I don't like strip clubs

My boyfriend wants me to go with him to watch lap dances, and he asks for things in bed I don't want to do.

Published March 27, 2003 8:15PM (EST)

Dear Cary,

My boyfriend, "Leighton," has been pressuring me to do things that I'm uncomfortable with. Shortly after we began dating, he told me that he likes to frequent strip clubs. Many of my male friends do as well. However, their attendance is limited to bachelor parties and post-breakup cheering-up sessions. It turns out that Leighton likes to go more often than that. Going to a strip club is one of his favorite activities, and he will even go alone if he can't find an available friend. This makes me uncomfortable, but I am willing to accept it. I'm not interested in making anyone change. People aren't made of clay to be sculpted in accordance with my preferences.

Unfortunately, Leighton doesn't feel the same. He wants me to go with him. I have told him that that is something that I would never do. I don't wish to see flesh-and-blood women turned into sexual objects. I don't wish to see a naked woman writhing on someone's lap a few feet away. I don't want to witness my boyfriend lusting after someone else. Ick! I live in Canada and apparently our strip clubs are very raunchy, more so than in the United States. Leighton keeps insisting that I go. He says that he wants to share his favorite activity with his significant other.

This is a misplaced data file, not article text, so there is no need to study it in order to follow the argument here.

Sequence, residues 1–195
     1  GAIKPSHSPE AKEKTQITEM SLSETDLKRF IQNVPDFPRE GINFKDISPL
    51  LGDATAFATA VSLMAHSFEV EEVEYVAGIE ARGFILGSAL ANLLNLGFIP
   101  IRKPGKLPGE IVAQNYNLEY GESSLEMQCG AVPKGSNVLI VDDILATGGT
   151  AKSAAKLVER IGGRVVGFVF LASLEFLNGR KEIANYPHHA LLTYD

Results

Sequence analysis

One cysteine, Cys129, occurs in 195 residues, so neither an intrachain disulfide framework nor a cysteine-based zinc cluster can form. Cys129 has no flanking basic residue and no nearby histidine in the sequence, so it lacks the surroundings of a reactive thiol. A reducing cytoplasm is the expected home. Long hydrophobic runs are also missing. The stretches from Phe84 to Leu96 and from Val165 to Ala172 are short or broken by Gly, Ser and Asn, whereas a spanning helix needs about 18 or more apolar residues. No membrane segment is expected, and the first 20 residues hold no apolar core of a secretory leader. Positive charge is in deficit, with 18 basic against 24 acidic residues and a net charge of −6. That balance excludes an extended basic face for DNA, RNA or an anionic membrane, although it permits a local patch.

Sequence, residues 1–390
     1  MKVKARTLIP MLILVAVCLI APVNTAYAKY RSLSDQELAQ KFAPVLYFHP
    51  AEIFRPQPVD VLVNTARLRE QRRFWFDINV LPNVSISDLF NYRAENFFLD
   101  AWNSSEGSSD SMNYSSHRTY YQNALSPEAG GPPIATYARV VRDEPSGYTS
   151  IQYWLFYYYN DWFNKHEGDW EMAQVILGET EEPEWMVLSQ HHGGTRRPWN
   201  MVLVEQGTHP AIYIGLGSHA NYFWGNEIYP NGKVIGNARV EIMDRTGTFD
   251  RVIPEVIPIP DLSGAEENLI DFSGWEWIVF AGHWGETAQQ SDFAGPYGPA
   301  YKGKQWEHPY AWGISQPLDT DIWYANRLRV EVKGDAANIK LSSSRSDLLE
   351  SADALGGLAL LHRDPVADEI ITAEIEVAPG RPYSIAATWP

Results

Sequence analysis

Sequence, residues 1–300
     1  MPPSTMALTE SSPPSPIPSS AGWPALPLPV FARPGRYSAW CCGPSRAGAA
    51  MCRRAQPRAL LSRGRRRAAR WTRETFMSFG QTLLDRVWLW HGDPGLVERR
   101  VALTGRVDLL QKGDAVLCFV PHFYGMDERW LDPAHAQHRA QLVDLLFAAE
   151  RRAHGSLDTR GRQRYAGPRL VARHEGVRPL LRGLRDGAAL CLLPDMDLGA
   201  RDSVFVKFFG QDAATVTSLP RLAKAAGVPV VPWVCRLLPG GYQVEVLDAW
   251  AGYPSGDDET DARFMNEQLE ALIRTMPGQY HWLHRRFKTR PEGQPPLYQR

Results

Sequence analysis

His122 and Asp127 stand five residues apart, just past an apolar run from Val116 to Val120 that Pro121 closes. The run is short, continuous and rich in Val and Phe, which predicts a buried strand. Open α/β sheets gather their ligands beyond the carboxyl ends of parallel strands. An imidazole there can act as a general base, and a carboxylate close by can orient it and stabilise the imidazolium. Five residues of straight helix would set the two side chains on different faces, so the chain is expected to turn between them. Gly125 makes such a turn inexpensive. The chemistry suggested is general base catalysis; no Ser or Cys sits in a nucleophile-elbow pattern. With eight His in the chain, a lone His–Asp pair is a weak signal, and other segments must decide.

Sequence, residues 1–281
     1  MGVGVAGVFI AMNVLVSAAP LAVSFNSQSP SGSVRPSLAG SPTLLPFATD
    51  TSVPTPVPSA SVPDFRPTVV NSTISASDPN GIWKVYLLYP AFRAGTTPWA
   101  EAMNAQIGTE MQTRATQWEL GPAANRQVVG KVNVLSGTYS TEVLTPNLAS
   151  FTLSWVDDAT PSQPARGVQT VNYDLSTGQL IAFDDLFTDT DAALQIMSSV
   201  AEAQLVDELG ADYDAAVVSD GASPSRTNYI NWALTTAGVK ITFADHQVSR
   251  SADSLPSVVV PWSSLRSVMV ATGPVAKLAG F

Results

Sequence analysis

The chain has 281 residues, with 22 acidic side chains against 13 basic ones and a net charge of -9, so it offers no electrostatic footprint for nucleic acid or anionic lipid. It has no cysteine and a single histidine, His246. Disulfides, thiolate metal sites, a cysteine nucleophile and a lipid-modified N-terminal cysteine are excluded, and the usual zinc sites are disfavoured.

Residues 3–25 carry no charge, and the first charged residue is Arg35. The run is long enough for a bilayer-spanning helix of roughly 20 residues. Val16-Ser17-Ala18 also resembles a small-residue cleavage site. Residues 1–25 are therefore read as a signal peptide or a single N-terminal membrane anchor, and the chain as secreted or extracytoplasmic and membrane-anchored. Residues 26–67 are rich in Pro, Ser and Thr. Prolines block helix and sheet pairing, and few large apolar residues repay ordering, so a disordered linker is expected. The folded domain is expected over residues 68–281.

This next part is why I'm asking advice from a stranger. I can't bring myself to mention this to my friends -- it's too embarrassing. Here it goes, down to brass tacks:

He also keeps insisting that I have anal sex with him. I'm not ready to do that yet, maybe in a few years. Once when we were in bed together, he told me to close my eyes while he excused himself for a moment. When he returned, he put handcuffs on me (without asking) and told me that he could do anything that he wanted to. Even have anal sex with me. He didn't. I was furious and scared. I felt completely helpless, and not in an exciting or enjoyable way. After, he said that his restraint demonstrated that he could be trusted. He says that if I really trusted him, I would satisfy his desires. He compares me to his other girlfriends, who all apparently accompanied him to strip clubs and let him in the back door. He says that I am uptight and that I should get over my inhibitions. He says that if I loved him, I would do what he wanted. He says that there is something wrong with me.

I've only had one other sexual relationship. "Steve" and I started dating when I was 19 and we shared eight happy years together. Over the years I went from being a girl who might like to be a mother to a woman who definitely did. Steve went from a boy who wasn't sure if he wanted to be a father to a man who definitely did not. Now we are great friends. We had wonderful, exciting, inventive sex. We didn't experience the boredom that many couples complain of. I still wanted to rip off his clothes even after eight years.